Wines of Spain

The two most important things to know about Spanish wine are that it is good and it is inexpensive (compared to New World wines of similar quality.) From a wine tradition perspective, Spain and the rest of Europe are considered the Old World. But contrary to this stodgy-sounding designation, Spain has a very modern wine industry and is aggressively taking on New World wine producers in the world market. This is good news for wine drinkers because it means continuation of the aggressive pricing (read that as low prices) Spain is willing to extend to gain market share.

Spain has nearly 3 million acres of vineyards, more acreage than any other country, but is only the third largest wine producer. This is due in part to the poor soils and correspondingly low yields found in many of the Spanish wine regions. Spain cultivates more than 600 varieties of grapes, but only twenty varieties account for eighty percent of production, and only a handful, including Tempranillo, Albariño, Garnacha and Palomino are exported in any quantity.

Arguably the most important and best known wine producing region in Spain is the Rioja. In terms of importance, the Rioja is Spain’s Napa Valley. Located in the north central area of the country, the Rioja is roughly equidistant between the Atlantic and the Mediterranean. With mountain ranges providing protection from harsh Atlantic weather and the Ebro river providing both moisture and microclimates, the Rioja is extremely well suited to viticulture. The region is subdivided into the cooler Rioja Alta and Rioja Alavesa districts and the warmer Rioja Baja district.

Rioja is the principal source of Spain’s highly acclaimed Tempranillo red wines. Garnacha (Grenache), Mazuelo and Graciano, often blended with Tempranillo, are also grown here. Rioja wine classifications are very straight forward, indicating how much time the wines have spent aging before they were released. The Crianza designation indicates a fresh, fruit-forward youthful red wine that has been aged in oak for a minimum of one year and in the bottle for another year. The Reserva designation requires a minimum of one year in the barrel and another two years in either the barrel or bottle. Gran Reserva wines represent the best of the Rioja reds. Gran Reserva.wines must be barrel aged for two years followed by a minimum of three years in the bottle. Adding to their reputation, Gran Reserva wines typically are made only in exceptional vintage years.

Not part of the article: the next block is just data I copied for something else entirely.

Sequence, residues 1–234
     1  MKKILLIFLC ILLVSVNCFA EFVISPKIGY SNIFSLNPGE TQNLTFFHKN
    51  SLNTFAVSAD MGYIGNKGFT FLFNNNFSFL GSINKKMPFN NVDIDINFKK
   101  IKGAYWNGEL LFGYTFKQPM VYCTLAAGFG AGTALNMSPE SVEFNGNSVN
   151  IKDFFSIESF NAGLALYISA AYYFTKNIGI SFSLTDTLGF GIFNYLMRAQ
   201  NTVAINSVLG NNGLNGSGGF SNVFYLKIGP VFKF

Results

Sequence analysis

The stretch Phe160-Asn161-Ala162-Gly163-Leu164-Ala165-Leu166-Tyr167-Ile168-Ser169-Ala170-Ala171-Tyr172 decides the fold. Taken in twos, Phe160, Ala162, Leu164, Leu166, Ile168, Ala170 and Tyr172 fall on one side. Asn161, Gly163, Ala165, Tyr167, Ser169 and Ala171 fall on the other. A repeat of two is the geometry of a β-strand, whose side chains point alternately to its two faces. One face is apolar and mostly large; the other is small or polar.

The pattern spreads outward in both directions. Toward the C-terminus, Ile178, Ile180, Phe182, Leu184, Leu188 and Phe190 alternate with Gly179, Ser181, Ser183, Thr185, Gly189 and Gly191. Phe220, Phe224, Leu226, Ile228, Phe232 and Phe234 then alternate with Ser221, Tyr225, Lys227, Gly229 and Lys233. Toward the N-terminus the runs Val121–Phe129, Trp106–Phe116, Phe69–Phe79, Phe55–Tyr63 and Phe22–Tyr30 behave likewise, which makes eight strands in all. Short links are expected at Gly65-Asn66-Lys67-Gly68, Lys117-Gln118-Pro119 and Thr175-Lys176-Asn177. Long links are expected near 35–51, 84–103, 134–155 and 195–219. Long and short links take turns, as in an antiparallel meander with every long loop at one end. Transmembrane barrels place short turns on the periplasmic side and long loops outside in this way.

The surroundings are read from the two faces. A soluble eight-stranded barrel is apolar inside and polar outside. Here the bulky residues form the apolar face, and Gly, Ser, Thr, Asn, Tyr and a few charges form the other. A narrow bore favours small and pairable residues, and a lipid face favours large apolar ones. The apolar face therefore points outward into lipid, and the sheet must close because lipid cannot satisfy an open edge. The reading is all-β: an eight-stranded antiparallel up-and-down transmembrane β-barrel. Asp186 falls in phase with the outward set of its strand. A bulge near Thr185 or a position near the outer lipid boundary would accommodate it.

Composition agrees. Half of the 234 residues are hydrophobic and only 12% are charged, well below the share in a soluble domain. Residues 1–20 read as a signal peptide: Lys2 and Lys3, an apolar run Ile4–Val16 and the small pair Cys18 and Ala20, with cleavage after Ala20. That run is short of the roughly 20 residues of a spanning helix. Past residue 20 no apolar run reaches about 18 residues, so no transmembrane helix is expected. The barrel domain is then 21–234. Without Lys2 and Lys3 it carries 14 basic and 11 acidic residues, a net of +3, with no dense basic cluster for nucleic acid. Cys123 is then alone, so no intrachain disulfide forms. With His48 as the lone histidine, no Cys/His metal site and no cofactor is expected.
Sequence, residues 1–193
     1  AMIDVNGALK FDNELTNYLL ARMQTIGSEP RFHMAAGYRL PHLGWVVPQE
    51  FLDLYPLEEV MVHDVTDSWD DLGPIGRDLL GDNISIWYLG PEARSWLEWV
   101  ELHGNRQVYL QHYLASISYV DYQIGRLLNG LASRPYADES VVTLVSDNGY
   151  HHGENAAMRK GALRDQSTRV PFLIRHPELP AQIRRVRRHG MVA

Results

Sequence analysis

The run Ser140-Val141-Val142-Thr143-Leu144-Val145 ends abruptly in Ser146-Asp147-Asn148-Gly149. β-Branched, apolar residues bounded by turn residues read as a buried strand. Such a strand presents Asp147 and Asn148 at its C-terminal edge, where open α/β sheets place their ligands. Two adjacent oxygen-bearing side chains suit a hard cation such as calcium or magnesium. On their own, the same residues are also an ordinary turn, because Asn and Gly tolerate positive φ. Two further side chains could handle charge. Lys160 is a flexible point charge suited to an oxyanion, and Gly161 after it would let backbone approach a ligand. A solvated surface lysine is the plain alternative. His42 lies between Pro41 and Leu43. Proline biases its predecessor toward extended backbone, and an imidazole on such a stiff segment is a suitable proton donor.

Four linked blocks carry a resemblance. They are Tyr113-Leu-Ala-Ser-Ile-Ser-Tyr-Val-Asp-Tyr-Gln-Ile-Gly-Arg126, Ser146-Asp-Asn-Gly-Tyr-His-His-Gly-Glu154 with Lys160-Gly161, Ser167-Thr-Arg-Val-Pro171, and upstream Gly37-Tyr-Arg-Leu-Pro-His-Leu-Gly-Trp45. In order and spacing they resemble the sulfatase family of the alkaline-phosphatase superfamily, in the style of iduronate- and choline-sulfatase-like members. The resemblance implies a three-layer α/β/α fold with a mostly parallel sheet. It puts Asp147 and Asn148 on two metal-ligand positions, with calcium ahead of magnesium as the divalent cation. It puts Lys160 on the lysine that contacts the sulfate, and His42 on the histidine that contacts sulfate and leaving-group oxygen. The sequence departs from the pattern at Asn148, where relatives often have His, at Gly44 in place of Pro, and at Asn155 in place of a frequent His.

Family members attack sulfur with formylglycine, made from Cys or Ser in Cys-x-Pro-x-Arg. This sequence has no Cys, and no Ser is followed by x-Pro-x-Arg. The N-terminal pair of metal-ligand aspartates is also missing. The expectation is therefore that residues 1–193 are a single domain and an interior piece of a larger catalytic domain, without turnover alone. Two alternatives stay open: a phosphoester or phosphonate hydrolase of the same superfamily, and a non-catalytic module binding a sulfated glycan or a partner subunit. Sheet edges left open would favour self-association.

The Penedes wine region is located near Barcelona on the Mediterranean coastline. The area is framed by the coastal hills of the Serra del Garraf and the higher inland mountains which skirt the Catalan Central Depression. Long considered one of Spain’s best wine-producing regions after the Rioja, it is also one of the most ancient viticultural areas in Europe. Although red wines are produced here, Penedes is best known for Macabeo, Xarel-lo and Parellada, the three traditional grape varieties found in cava, Spain’s food friendly and inexpensive sparkling wine. Freixenet and Cordoníu are the two large producers of cava.

The Jerez wine region incorporates the three towns of Jerez, Puerto de Santa Maria and Sanlucar de Barrameda. This is Spain’s Sherry-wine producing region, and these three towns form what is known as the Sherry Triangle. The region’s soil is chalky limestone and provides just the right conditions for the Palomino and Pedro Ximenez grapes that are used in making some of the world’s finest Sherries. In southern Spain’s Andalusia region, just south of Seville, this is the home of many of the better known Sherry producers including: Osborne, Emilio Lustau, Gonzalez Byass, Hidalgo.